Filed under book | Tags: · aesthetics, animal, chance, ecology, environment, ethics, forest, individuation, nature, philosophy, plants, subject, territory, theory, virtuality
“Bleak Joys develops an understanding of complex entities and processes—from plant roots to forests to ecological damage and its calculation—as aesthetic. It is also a book about “bad” things, such as anguish and devastation, which relate to the ecological and technical but are also constitutive of politics, the ethical, and the formation of subjects.
Avidly interdisciplinary, Bleak Joys draws on scientific work in plant sciences, computing, and cybernetics, as well as mathematics, literature, and art in ways that are not merely illustrative of but foundational to our understanding of ecological aesthetics and the condition in which the posthumanities are being forged. It places the sensory world of plants next to the generalized and nonlinear infrastructure of irresolvability—the economics of indifference up against the question of how to make a home on Planet Earth in a condition of damaged ecologies. Crosscutting chapters on devastation, anguish, irresolvability, luck, plant, and home create a vivid and multifaceted approach that is as remarkable for its humor as for its scholarly complexity.
Engaging with Deleuze, Guattari, and Bakhtin, among others, Bleak Joys captures the modes of crises that constitute our present ecological and political condition, and reckons with the means by which they are not simply aesthetically known but aesthetically manifest.”
Publisher University of Minnesota Press, Minneapolis, 2019
Posthumanities series, 53
ISBN 9781517905521, 1517905524
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Filed under book | Tags: · earth, environment, land art
Seminal collection of texts on land art and environmental art.
“A growing concern for nature has appeared worldwide over the last two decades. Art has always reflected the questioning of a society by itself and often takes an active role in the search for the answers to those questions.
A group of artists whose work makes a statement about man’s relation to nature has appeared over the last decade. These artists have at one time or another used natural substances such as earth, rocks, and plants in much of their work and have frequently constructed the work outside on natural sites. Although these artworks refer to nature, the artists’ methods, styles, and even intentions vary widely. They really cannot be said to form distinct groups but to occupy places on a broad spectrum.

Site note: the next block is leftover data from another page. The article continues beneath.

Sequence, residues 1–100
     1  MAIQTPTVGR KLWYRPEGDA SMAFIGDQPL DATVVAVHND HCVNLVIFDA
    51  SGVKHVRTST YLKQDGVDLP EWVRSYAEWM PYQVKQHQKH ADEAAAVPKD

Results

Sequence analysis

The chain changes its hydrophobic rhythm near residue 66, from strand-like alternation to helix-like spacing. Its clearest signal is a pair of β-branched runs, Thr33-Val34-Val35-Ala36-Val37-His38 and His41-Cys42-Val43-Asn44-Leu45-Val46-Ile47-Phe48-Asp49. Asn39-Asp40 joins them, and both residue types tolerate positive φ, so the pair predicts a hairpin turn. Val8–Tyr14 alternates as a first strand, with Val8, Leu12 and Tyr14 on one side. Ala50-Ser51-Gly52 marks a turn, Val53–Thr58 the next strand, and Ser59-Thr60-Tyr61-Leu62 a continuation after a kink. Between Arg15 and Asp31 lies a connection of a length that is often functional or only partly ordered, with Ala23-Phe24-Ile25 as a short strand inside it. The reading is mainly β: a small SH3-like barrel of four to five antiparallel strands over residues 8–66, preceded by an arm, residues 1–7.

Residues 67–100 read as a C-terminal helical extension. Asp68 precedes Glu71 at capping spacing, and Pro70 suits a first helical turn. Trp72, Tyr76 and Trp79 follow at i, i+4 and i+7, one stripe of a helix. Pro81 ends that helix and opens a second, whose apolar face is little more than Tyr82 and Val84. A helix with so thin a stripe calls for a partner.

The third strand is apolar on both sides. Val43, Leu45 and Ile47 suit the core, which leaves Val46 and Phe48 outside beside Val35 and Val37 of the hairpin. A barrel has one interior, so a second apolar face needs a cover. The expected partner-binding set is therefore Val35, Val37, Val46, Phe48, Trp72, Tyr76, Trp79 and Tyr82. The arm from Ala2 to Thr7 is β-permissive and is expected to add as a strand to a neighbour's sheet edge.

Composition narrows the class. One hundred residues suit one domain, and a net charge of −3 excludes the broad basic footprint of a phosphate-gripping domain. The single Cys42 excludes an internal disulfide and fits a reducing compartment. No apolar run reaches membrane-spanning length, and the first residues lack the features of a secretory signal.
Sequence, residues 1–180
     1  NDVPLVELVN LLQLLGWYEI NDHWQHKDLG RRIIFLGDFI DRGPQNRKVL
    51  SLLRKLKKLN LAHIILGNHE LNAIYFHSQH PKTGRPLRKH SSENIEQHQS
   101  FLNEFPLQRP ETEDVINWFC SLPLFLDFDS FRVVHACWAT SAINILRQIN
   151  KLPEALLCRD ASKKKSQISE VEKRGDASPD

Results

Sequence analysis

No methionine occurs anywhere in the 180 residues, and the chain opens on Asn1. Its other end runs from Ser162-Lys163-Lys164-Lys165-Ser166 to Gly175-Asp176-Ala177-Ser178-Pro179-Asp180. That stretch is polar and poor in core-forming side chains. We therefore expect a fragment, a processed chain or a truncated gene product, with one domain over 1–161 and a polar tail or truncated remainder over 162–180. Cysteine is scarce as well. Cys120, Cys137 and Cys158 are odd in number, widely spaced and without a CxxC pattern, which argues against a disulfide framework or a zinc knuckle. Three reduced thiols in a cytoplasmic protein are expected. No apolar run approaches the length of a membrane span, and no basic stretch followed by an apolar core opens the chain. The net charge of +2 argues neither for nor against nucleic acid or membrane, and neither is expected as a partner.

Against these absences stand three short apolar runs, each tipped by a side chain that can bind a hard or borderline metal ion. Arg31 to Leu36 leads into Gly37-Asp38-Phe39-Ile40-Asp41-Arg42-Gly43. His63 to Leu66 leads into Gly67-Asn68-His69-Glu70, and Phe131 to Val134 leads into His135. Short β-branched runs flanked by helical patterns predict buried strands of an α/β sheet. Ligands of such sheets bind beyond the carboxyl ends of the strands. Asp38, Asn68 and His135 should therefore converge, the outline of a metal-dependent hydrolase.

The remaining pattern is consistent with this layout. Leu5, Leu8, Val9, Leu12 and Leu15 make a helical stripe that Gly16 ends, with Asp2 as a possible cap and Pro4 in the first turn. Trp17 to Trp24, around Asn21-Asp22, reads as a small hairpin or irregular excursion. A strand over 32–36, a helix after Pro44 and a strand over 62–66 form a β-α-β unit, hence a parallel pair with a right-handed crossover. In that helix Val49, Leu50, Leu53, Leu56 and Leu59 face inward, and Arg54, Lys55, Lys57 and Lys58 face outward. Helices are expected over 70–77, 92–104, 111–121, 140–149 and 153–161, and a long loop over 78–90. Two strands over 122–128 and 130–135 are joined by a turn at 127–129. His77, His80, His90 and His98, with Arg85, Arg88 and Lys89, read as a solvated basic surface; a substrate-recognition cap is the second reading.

At one end of the spectrum the idea of monumentality, of earth moving, is made possible by industrial tools: bulldozers, dump trucks, and so forth. These artworks were built to speak of themselves, not the land they occupy. At the other end of the spectrum there are artists pursuing the relatively new idea of cooperation with the environment, which they see as necessary because of the threat of its destruction. These artists respond sensitively to the work’s site, changing it as little as possible. This group is especially interested in stimulating an awareness of nature and the Earth.”
Texts by Joshua C. Taylor, Mark Rosenthal, Elizabeth C. Baker, Jeffrey Deitch, Michael Auping, Jack Burnham, Lawrence Alloway, Jonathan Carpenter, Pierre Restany, Donald B. Kuspit, Diana Shaffer, Grace Glueck, Kate Linker, Harold Rosenberg, Charles Traub,
Robert Rosenblum, Michael McDonough, Kenneth S. Friedman, and Jeffrey Wechsler.
Publisher Dutton, New York, 1983
ISBN 0525477020, 9780525477020
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Filed under book | Tags: · climate, climate change, environment, geoengineering, geography, technology
“What if the people seized the means of climate production?
The window for action on climate change is closing rapidly. We are hurtling ever faster towards climate catastrophe—the destruction of a habitable world for many species, perhaps the near-extinction of our own. As anxieties about global temperatures soar, demands for urgent action grow louder. What can be done? Can this process be reversed? Once temperatures rise, is there any going back? Some are thinking about releasing aerosols into the stratosphere in order to reflect sunlight back into space and cool the earth. And this may be necessary, if it actually works. But it would only be the beginning; it’s what comes after that counts.
In this groundbreaking book, Holly Jean Buck charts a possible course to a liveable future. Climate restoration will require not just innovative technologies to remove carbon from the atmosphere, but social and economic transformation. The steps we must take are enormous, and they must be taken soon. Looking at industrial-scale seaweed farms, the grinding of rocks to sequester carbon at the bottom of the sea, the restoration of wetlands, and reforestation, Buck examines possible methods for such transformations and meets the people developing them.
Both critical and utopian, speculative and realistic, After Geoengineering presents a series of possible futures. Rejecting the idea that technological solutions are some kind of easy workaround, Holly Jean Buck outlines the kind of social transformation that will be necessary to repair our relationship to the earth if we are to continue living here.”
Publisher Verso Books, London and New York
ISBN 9781788730365, 1788730364